The Digital Panopticon for Schools

E.Le Bihan, 'The First Fleet Entering Port Jackson on 26 January 1788' (Colour Lithograph, 1888). State Library of New South Wales via Wikimedia Commons.

The primary source material available on the Digital Panopticon forms a uniquely broad, detailed and rich platform that can enrich GCSE and A-Level study of the history of crime and punishment as well as individual research projects. The Digital Panopticon can also illuminate historiographical perspectives on the history of British imperialism. These education pages have been specifically designed to meet the needs of EdExcel/Pearson, OCR, and WJEC Eduqas GCSE syllabuses and EdExcel A-Level History curricula. These courses all address the eighteenth and nineteenth-century development of crime and punishment in the UK and transportation to Australia.

Student Engagement

Given the broad canvas described above, the Digital Panopticon website can be used to support teaching in a range of current GCSE and AS/A-Level History modules. Working with the website can provide students with a valuable opportunity to:

Background information

As a first port of call, teachers and students are encouraged to access the historical background and convict lives pages of the Digital Panopticon website. These provide historical context for the data contained in the website, as well as summarising key themes in the history of crime and punishment in the UK and Australia between 1780 and 1925. They also provide a range of images and wider reading options, which can be particularly useful for the historiographical requirements of AS/A-Level students.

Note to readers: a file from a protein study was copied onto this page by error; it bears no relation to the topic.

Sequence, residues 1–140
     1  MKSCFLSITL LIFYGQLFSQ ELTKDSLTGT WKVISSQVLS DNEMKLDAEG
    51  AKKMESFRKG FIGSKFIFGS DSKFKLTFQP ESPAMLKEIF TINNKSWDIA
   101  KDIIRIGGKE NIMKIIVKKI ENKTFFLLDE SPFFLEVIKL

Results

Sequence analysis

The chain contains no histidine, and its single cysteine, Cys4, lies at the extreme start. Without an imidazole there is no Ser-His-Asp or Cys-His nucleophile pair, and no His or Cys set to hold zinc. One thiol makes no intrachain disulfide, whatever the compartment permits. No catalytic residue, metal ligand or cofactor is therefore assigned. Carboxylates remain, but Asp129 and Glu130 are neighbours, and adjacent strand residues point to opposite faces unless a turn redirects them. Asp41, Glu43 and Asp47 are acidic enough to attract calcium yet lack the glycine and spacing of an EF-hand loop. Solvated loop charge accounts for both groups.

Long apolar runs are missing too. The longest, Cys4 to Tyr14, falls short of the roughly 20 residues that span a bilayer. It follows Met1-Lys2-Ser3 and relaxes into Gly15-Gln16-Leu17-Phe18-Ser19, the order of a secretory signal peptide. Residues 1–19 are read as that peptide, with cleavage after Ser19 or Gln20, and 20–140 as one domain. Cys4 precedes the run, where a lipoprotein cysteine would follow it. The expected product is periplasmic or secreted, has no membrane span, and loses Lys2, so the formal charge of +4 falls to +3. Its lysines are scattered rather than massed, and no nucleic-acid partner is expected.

The records pages for the website also give a detailed breakdown of the information contained in the datasets that comprise the Digital Panopticon web resource. This can be a useful starting point for a discussion of the strengths and weaknesses of online historical sources.

A note of caution: The Digital Panopticon is a website which deals with the history of crime, criminality and punishment. It therefore contains details of violent offences and sexual offences. Teachers should be aware of this and exercise appropriate caution when using the website with students in the classroom.


In these education pages, the Digital Panopticon team suggest a number of website based activities and offer two new, free resources. First, The Digital Panopticon and GCSE History introduces a schools pop-up exhibition called, "Criminal Lives, 1780-1925". Second, The Digital Panopticon and AS-Level and A-Level History offers teachers access to two introductory films on Transportation and Convict Lives.

We welcome any feedback on these pages or queries in relation to our exhibitions or workshops: email us at

Author Credits

This page was written by Larissa Allwork, with additional contributions by other members of the Digital Panopticon project team.